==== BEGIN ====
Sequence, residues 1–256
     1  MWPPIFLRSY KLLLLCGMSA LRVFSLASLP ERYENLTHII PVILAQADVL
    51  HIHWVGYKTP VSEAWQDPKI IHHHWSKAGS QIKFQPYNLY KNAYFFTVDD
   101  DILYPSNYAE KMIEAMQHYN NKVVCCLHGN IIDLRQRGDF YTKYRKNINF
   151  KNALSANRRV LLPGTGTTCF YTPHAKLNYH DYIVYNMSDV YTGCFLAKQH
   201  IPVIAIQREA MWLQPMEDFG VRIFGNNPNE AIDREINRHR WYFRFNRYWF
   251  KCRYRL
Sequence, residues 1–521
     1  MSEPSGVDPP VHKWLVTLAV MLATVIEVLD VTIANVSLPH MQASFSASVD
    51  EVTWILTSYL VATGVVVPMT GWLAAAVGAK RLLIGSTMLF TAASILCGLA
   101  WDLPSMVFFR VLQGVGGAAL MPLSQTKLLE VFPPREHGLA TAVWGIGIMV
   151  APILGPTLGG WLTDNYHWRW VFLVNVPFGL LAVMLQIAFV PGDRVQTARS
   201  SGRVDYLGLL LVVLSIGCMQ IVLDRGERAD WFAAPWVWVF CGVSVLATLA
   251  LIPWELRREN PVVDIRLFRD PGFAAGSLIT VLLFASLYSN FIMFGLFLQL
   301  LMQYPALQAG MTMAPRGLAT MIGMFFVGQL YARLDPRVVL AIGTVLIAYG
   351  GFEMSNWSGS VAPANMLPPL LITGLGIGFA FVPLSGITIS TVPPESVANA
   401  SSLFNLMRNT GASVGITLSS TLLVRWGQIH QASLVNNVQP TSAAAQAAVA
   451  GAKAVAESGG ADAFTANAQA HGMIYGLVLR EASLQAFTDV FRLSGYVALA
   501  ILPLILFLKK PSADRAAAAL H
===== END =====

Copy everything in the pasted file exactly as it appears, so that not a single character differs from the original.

Sequence, residues 1–256
     1  MWPPIFLRSY KLLLLCGMSA LRVFSLASLP ERYENLTHII PVILAQADVL
    51  HIHWVGYKTP VSEAWQDPKI IHHHWSKAGS QIKFQPYNLY KNAYFFTVDD
   101  DILYPSNYAE KMIEAMQHYN NKVVCCLHGN IIDLRQRGDF YTKYRKNINF
   151  KNALSANRRV LLPGTGTTCF YTPHAKLNYH DYIVYNMSDV YTGCFLAKQH
   201  IPVIAIQREA MWLQPMEDFG VRIFGNNPNE AIDREINRHR WYFRFNRYWF
   251  KCRYRL
Sequence, residues 1–521
     1  MSEPSGVDPP VHKWLVTLAV MLATVIEVLD VTIANVSLPH MQASFSASVD
    51  EVTWILTSYL VATGVVVPMT GWLAAAVGAK RLLIGSTMLF TAASILCGLA
   101  WDLPSMVFFR VLQGVGGAAL MPLSQTKLLE VFPPREHGLA TAVWGIGIMV
   151  APILGPTLGG WLTDNYHWRW VFLVNVPFGL LAVMLQIAFV PGDRVQTARS
   201  SGRVDYLGLL LVVLSIGCMQ IVLDRGERAD WFAAPWVWVF CGVSVLATLA
   251  LIPWELRREN PVVDIRLFRD PGFAAGSLIT VLLFASLYSN FIMFGLFLQL
   301  LMQYPALQAG MTMAPRGLAT MIGMFFVGQL YARLDPRVVL AIGTVLIAYG
   351  GFEMSNWSGS VAPANMLPPL LITGLGIGFA FVPLSGITIS TVPPESVANA
   401  SSLFNLMRNT GASVGITLSS TLLVRWGQIH QASLVNNVQP TSAAAQAAVA
   451  GAKAVAESGG ADAFTANAQA HGMIYGLVLR EASLQAFTDV FRLSGYVALA
   501  ILPLILFLKK PSADRAAAAL H